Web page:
New moves by the European Commission to grant exclusive use of the term "halloumi" to cheesemakers from Cyprus has New Zealand cheesemakers concerned.
Halloumi is a popular cheese for New Zealand consumers, with a thriving community of New Zealand cheesemakers delivering this product to New Zealand tables, Neil Willman, president of the Specialist Cheesemakers Association.
"We are concerned at Europe's continuing campaign to restrict the use of common names in international cheesemaking, at the expense of producers outside of Europe," Willman said.
New Zealand's cheesemaking community is concerned that the European Union (EU) is continuing to protect cheese terms that are generic and in common use around the world, he said.
"This erodes the heritage and evolution of food production in places like New Zealand where cheeses such as feta, gruyere, havarti and halloumi are commonly consumed and considered generic," Willman said in a statement.
The European Union (EU) is using an intellectual property rights system, called 'Geographical Indications' (GIs) to limit the use of food names to European producer groups, arguing the food's characteristics are unique to where and how it has been produced, Willman said.
The move to register halloumi follows quickly behind the recent registrations of cheeses like havarti, despite significant global production outside of the EU.
At the same time the EU is requesting changes to New Zealand's regulatory settings to adopt a sweeping new intellectual property framework to protect its GIs through the ongoing EU-NZ Free Trade Agreement negotiations.
The EU has requested protection under the regime for 2,200 food, wines and spirits names including well-known cheeses such as feta, gruyere and gorgonzola and is seeking provision for additional terms to be protected in the future.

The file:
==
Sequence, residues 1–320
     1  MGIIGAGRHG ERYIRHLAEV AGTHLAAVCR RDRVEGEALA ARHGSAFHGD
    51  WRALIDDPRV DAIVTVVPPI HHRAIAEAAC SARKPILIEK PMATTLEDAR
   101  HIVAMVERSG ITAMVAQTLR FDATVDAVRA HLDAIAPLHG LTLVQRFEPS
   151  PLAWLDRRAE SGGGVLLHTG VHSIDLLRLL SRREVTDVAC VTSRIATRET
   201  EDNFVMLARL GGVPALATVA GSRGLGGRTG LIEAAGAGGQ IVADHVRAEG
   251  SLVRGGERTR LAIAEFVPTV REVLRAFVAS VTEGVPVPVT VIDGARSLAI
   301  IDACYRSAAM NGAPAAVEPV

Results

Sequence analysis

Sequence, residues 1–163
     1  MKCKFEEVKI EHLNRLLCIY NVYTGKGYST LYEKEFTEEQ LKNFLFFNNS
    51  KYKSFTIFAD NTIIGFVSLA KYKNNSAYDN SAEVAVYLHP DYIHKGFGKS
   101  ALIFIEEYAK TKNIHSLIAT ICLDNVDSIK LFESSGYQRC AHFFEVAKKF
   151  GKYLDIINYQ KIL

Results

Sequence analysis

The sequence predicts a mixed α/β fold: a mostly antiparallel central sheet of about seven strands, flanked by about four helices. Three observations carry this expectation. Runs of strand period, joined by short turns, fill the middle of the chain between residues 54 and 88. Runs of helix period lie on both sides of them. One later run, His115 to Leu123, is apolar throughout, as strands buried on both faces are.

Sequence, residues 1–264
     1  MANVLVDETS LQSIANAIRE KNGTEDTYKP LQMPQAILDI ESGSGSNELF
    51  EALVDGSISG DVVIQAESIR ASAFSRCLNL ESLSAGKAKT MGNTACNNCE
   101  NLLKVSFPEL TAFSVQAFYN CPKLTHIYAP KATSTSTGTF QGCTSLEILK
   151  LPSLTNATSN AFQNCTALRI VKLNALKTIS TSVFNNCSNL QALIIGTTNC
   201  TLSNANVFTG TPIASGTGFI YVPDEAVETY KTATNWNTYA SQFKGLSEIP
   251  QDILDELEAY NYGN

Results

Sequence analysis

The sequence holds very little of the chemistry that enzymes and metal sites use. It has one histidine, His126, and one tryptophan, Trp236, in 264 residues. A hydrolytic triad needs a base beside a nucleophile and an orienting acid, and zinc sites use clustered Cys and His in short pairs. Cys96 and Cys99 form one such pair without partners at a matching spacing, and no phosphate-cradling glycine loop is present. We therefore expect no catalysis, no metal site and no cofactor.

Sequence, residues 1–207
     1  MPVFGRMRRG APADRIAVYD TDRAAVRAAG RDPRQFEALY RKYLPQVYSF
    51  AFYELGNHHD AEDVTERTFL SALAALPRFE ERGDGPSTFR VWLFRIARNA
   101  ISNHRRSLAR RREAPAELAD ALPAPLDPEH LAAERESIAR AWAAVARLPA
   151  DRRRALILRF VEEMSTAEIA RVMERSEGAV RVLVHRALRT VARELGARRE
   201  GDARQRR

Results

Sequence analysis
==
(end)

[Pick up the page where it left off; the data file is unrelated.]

Dairy Companies Association of NZ (DCANZ) executive director Kimberly Crewther said an EU clawback and monopolisation of generic cheese names would limit both domestic cheese production and opportunities to further grow the value of New Zealand's $2 billion cheese exports.
Cheese markets, particularly in Asia, are rapidly evolving and influenced by food fashion, she said.
This means significant potential for exports of commonly known but currently less produced cheeses to grow over time.
The EU GIs agenda aims to limit the flexibility for New Zealand cheese exporters to participate in these new opportunities.
"The opportunity costs of narrowing trade options are always high," Crewther said.
DCANZ is also expressing concern about the lack of balance between what Europe is asking of New Zealand and what it is prepared to put on the table itself.
"EU dairy producers enjoy among the highest levels of trade-distorting subsidies and protections in the world, and instead, rather than liberalising, the EU is seeking to create more," Crewther said.